0
\$\begingroup\$

For 2 arrays each with X elements, what is the SHORTEST code to subtract every element in the second from every element in the first, 1 to 1

so, for example:

A1 = [10,11,12]

A2 = [1,2,3]

A1 "-" A2 should == [9,9,9]

\$\endgroup\$
4
  • 14
    \$\begingroup\$ Come on. Code golf should have enough complexity for the competitors to exercise some creativity. Really. \$\endgroup\$ Apr 13 '11 at 18:47
  • \$\begingroup\$ dmckee: Exactly my thoughts. This one is way too trivial to make a good task (see the R solution, for example). Now if only people could stop by the Sandbox on meta before posting a task ... \$\endgroup\$
    – Joey
    Apr 13 '11 at 19:23
  • \$\begingroup\$ Though I agree that this question is lousy for golf I find it very unfair that it has at the same time a negative vote count but 5 questions of +14. \$\endgroup\$
    – Eelvex
    Apr 14 '11 at 14:35
  • 2
    \$\begingroup\$ GP, GAP, J, Fortran, Maxima, ... solution: "A1 - A2" \$\endgroup\$
    – Eelvex
    Apr 14 '11 at 14:39

23 Answers 23

12
\$\begingroup\$

R, 3 chars

(following Chris' counting method that includes the variable names in the count)

a-b

a and b can be defined as follows:

a <- c(10,11,12)
b <- c(1,2,3)

(c is the array construction function in R)

\$\endgroup\$
2
  • \$\begingroup\$ Is this the normal way for defining arrays in R? and if not, what would the code be, if you have a and b already defined. \$\endgroup\$
    – Samer Buna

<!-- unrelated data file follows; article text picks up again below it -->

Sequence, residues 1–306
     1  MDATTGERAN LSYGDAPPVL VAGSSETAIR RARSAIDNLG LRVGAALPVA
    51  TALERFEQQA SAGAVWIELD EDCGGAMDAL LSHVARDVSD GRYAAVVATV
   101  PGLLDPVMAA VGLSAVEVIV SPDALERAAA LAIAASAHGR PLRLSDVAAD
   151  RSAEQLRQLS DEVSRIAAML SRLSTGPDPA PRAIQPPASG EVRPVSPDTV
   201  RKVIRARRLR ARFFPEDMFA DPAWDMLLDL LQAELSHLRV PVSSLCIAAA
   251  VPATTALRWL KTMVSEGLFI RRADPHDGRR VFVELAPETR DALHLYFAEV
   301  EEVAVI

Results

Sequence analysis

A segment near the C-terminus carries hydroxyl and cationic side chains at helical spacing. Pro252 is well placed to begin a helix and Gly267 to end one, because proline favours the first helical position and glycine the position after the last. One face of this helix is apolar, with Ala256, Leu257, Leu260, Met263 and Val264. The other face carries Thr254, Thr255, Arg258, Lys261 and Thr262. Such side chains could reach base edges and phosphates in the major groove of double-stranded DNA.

Apr 13 '11 at 18:23
  • \$\begingroup\$ @Samer, yes that's the normal way. The code would be exactly the same. In fact, you can even do c(10,11,12)-c(1,2,3). So theoretically it's only a single character. \$\endgroup\$
    – Joey
    Apr 13 '11 at 19:03
7
\$\begingroup\$

J, 1 char

I will answer too because finally I don't have to use 2 bytes worth of enclosing brackets for J. :)

   -

   10 11 12 - 1 2 3
9 9 9
\$\endgroup\$
5
\$\begingroup\$

Scheme, 11 chars

Assume the lists are named a and b:

(map - a b)

Example:

(map - '(10 11 12) '(1 2 3))  ; => (9 9 9)
\$\endgroup\$
4
\$\begingroup\$

In Haskell (10):

zipWith(-)

will do the job. Please note, that the lists will be truncated, if their length isn't equal.

\$\endgroup\$
4
  • \$\begingroup\$ Well, the task states that they are of equal length x, so I guess that can be neglected. \$\endgroup\$
    – Joey
    Apr 13 '11 at 18:22
  • \$\begingroup\$ Lists? Doesn't Haskell have Arrays? \$\endgroup\$ Apr 21 '11 at 2:56
  • \$\begingroup\$ @user unknown: They exists, but aren't used very often. In this case, using arrays would blow up my solution by about 30 chars. \$\endgroup\$
    – FUZxxl
    Apr 21 '11 at 10:49
  • \$\begingroup\$ :) That's why I'm asking. :) \$\endgroup\$ Apr 21 '11 at 14:03
4
\$\begingroup\$
>>> class L(list):
...  def __sub__(self, other):
...   return map(int.__sub__,self, other)
... 
>>> a=L([10,11,12])
>>> b=L([1,2,3])
>>> a-b
[9, 9, 9]
>>> 
\$\endgroup\$
4
\$\begingroup\$

ES6, 20

a.map((x,i)=>x-b[i])
\$\endgroup\$
3
\$\begingroup\$

In Python (24):

map(lambda a,b:a-b,a,b)

Smaller (21):

map(int.__sub__,a,b)
\$\endgroup\$
2
\$\begingroup\$

Groovy:

List a = [1,2,3]
List b=[2,7,9]
[0,1,2].each { println(a[it]-b[it]) }
\$\endgroup\$
2
\$\begingroup\$

Scala, 51 chars

Array(10,11,12) zip Array(1,2,3)map(x=>x._1-x._2)

(but includes initialisation, Array-Declaration)

(10 to 12).zip (1 to 3)map(x=>x._1-x._2)

is a bit shorter, but produces an Vector.

a zip b.map(x=>x._1-x._2)

is even shorter, but of course I could do

a zip b.map f

then. Or just

g
\$\endgroup\$
2
\$\begingroup\$

CJam, 10 bytes

CJam is newer than this challenge, but I thought it's funny how uncompetitive it is for once:

l~]z{~-}%p

This is an STDIN to STDOUT program, reading input like [10 9 8] [1 2 3]. I know everyone else is answering in snippets, but that wouldn't really be shorter here, because you'd have to replace ] by something like a\a\+.

\$\endgroup\$
1
\$\begingroup\$

TI-BASIC, 5 bytes

L1-L2